The "swimming beach" area was small — maybe 30 feet wide by 25 feet out before you were into the boat channel.
There were loads of people hanging out around the beach, with jet skis and boats tied up in and near the "swimming" area, reducing the available room. So you really could only use it as a place to pop in and cool off. There are no lifeguards, so you are on your own for water safety.
The bottom in the swimming area was muddy and silty, so the water was not clear and not good for snorkeling.
The shoreline along the north and east sides of the island were really shallow, silty, and had lots of sea urchins. Though there were some good views of the big island from there, those were not places for swimming.
There was a little path on the eastern part of the island that cut across to the south shoreline, so we went exploring. The water on that side of the island was rough, and the breeze was lovely. There is a little automated "light house" on the south side. It’s not anything special to look at, but there was a flat concrete pad there that we used to spread out our picnic lunch.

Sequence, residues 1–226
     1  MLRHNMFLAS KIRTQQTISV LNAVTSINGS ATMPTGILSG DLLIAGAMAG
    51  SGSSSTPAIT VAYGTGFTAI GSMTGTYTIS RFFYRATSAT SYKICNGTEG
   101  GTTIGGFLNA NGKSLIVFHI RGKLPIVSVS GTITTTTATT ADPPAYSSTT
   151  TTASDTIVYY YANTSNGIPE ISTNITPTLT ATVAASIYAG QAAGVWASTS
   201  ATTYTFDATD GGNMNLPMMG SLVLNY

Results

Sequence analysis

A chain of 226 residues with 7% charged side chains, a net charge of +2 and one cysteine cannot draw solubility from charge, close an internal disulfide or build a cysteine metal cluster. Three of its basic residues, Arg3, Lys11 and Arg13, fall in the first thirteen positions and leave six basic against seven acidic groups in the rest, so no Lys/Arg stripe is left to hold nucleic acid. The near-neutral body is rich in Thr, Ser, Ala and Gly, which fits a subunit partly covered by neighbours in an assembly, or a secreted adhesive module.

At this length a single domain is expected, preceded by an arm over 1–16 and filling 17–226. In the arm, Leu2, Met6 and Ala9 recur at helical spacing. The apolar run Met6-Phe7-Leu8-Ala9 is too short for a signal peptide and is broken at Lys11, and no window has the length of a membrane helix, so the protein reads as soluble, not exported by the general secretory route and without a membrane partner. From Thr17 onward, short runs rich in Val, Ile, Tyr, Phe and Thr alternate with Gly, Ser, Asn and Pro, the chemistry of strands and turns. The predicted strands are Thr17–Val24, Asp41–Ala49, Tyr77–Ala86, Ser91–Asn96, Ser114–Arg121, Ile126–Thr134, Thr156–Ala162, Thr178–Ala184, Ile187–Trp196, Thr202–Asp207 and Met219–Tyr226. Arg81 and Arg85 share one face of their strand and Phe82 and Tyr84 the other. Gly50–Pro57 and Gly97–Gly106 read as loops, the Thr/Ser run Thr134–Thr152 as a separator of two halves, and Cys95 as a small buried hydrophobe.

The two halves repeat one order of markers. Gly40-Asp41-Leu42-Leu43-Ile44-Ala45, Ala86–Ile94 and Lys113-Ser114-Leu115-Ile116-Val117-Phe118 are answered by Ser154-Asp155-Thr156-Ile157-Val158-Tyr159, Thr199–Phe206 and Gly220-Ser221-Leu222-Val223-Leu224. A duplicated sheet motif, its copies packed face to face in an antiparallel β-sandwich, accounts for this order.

We found some nice shells and coral pieces, and poked in the shallow water tide pools and watched fish. We were alone on this side of the island, and it was actually pretty and enjoyable! But we had to go back to the crowded side and get the boat back to the mainland.
We called the boat captain when we were ready to leave (as he suggested), but had to wait about 1½ hours for the boat to show up. During that time we helped the local kids collect hermit crabs!
The ride back was nice too — the captain went a different way around the mangrove islands. It was a pretty boat ride.
This was not my favorite out-island, but this is a very popular local spot. If you go, don’t expect a lot of privacy, space or quiet! But if you are into a very local weekend beachy experience, this would be it! As seems to be typical of these places, there was some trash scattered around the island, but not as bad as some places we’ve been.